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Fashion Industry Conglomerates, Who Owns What?

Posted by: Mia Hudson, on: Monday, 22 June 2015

London Fashion Week runway 2013
London Fashion Week runway 2013

One of the many comments I got from my last article was an intriguing question of who owns who. Have you ever wondered which company own what? If you know, would it even affect your choice of perfume? For some, it would. For others, it’s just a matter of curiosity. Either way, we took some time to compile the list and answer your questions.

Let’s get started.

The thing is, we often think that whatever purchase we make from a brand, whether it be in apparel, shoes or perfume, has nothing to do with its competitors or brands that sell different products, but really, we’re wrong if we stick to that mentality.


Let’s take a look at LVMH. LVMH stands for Louis Vuitton Moet Hennessy. Everyone is familiar with this brand as one of the largest luxury goods company in the world. Based on just this 2015 first quarter revenue their sales increased from around seven billion euros in the first quarter of last year to around eight billion euros. Its largest shareholder is Groupe Arnault, a holding company owned by Bernard Arnault’s family. To make things confusing, however, Christian Dior, also a luxury goods company owned by Groupe Arnault, owns 40.9% of LVMH shares.

So what does this mean? Does Christian Dior have more fun? Does Dior have more corporate freedom over LVMH? Probably. However, it can’t be denied that LVMH is pretty much the best and most well-known luxury brand in the world and the fact that it bought stocks from Hermes (that it eventually relinquished last year), and other luxury brands certainly won’t make any of these brand owners happy.

Entrance of Dior Boutique on Collins St, Melbourne CBD
Entrance of Dior Boutique on Collins St, Melbourne

LVMH owns plenty of fashion and beauty brands, and whether you like LVMH or not, you may have in some way contributed to their success. Here are some of the brands that LVMH owns: Louis Vuitton, Dior, Fendi, Givenchy, Marc Jacobs, Nicholas Kirkwood, Parfums Christian Dior, Nude, Bulgari watches and jewellery, TAG Heuer, Le Bon Marche, all Sephora Stores, Edun, DFS Group (DFS Galleria), and more, including their recently bought stocks from Loro Piana, JW Anderson and others in 2013.


If you’re shocked about LVMH take a look at other big conglomerates like Kering, or Pinault-Printemps-Redoute or PPR as it was previously known. Kering is another luxury goods company that owns some of the famous brands we know like Alexander McQueen, Balenciaga, Gucci, Bottega Veneta, Sergio Rossi, Saint Laurent Paris, and many other well-known luxury brands. They even own Puma, a sports and lifestyle apparel brand.


Another luxury brand is Richemont, a Swiss conglomerate with estimated sales of 14.59 billion US dollars as of May 2015. Richemont is known as the owner of several brands that design, manufacture and distribute luxury goods such as watches, leather products, jewellery, and writing materials. Some of the brands they own are Cartier, Montblanc, International Watch Company, Jaeger-LeCoultre, Paiget SA, Vacheron Constantin, Van Cleef & Arpels, James Purdey & Sons, Peter Millar, A. Lange & Sohne, Baume & Mercier, Roger Dubuis, Chloe, Lancel, Alaia, Shanghai Tang, Alfred Dunhill Limited, Manufacture Roger Dubuis SA, Officine Panerai marketing e Communicazione Srl, Net-A-Porter and other brands, most of which are based in different parts of the globe. These brands are not just some of the most popular but most successful brands around. Net-A-Porter for instance, is even considered as one of the most successful online luxury retailer in the world with approximately 2.5 million visitors in their website every month.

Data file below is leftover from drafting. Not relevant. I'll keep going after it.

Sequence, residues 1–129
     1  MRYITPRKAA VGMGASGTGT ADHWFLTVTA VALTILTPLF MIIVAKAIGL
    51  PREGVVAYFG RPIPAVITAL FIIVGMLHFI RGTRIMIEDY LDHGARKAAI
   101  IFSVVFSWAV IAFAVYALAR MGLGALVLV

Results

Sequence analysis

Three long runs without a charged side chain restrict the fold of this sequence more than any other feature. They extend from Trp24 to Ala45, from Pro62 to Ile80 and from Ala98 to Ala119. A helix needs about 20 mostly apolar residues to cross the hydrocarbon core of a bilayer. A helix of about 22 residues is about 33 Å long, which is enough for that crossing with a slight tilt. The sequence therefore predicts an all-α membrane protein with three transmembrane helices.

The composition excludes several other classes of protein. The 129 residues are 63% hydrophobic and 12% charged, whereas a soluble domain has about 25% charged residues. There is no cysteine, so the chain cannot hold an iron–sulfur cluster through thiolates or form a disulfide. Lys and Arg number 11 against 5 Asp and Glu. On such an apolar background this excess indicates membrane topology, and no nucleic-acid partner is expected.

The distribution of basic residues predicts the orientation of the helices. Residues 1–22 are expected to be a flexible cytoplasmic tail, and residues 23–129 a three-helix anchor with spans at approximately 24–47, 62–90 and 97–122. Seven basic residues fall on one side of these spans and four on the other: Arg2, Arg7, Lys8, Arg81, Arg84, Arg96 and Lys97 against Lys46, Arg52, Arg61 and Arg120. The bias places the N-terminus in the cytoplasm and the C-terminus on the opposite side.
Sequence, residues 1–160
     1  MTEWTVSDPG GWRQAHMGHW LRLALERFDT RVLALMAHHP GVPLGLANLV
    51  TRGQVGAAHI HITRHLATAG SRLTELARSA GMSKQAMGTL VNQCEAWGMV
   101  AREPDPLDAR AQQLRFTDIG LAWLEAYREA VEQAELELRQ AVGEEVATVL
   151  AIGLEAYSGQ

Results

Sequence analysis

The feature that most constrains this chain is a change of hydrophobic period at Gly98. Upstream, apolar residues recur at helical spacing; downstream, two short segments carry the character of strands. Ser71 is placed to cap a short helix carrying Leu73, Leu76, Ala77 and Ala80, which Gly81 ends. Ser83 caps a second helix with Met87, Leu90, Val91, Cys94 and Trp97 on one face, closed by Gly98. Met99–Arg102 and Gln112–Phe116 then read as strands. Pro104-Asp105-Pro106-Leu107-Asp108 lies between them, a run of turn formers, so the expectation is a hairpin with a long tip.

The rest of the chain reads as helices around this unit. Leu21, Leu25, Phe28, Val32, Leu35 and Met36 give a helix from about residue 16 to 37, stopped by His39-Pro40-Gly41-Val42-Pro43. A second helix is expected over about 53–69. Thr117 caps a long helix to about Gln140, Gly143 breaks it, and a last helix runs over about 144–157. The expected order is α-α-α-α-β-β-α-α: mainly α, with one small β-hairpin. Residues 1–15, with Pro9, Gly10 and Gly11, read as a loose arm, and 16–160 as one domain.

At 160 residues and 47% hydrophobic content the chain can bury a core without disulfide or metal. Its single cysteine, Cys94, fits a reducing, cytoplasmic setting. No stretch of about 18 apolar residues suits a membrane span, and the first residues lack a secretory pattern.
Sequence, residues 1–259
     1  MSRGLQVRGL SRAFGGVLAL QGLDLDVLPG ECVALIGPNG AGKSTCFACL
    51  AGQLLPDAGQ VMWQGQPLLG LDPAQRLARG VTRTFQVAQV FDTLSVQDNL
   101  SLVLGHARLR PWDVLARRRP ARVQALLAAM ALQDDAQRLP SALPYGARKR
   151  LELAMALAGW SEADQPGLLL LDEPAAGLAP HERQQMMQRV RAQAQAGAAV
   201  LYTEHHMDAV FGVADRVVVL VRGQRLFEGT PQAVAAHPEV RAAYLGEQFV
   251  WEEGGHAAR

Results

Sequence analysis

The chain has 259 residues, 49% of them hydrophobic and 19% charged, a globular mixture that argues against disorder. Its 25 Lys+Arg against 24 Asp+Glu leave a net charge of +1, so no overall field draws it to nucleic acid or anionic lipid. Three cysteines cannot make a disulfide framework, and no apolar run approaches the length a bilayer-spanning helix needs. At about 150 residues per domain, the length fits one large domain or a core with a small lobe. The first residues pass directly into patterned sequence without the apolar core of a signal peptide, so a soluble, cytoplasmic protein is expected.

Let’s not forget Prada. The Prada Group is an Italian luxury fashion house that designs, creates, manufactures and distributes a variety of fashion items from ready-to-wear luxury clothing to high-quality accessories, shoes, luggage, watches, perfumes, eyewear and more. In just this first quarter of 2015 their revenues rose by 6.5% leaving them with 828.2 million euros for just one quarter. Like the others, The Prada Group owns certain brands like Prada, Miu Miu, Church’s, Car Shoe, Pasticceria Marchesi, Luna Rossa and other luxury brands.

Miu Miu Store Next to Prada, Westfield, Sydney CBD
Miu Miu Store Next to Prada, Westfield, Sydney CBD

What’s interesting about Prada is their approach to branding. They created individual brands that cater to specific interests reducing brand competition between and among them. For instance, the Prada brand focuses on ready-to-wear clothing. Miu Miu focuses on accessories and bags. Church’s offer high-end men’s footwear, while Car Shoe’s collection consists of original driving moccasin, a shoe model with uppers perforated with rubber studs.


Let’s move on to Chanel S.A., a family owned high fashion house by the Wertheimer clan. They own Chanel, Eres, and other ateliers that use unique and phenomenal techniques in creating their products. Chanel claims that it was a move they made on their part in order to avoid losing the original styles and techniques of the ateliers. I believe this was a bold but smart move on their part because some skills are hard to preserve and recreate.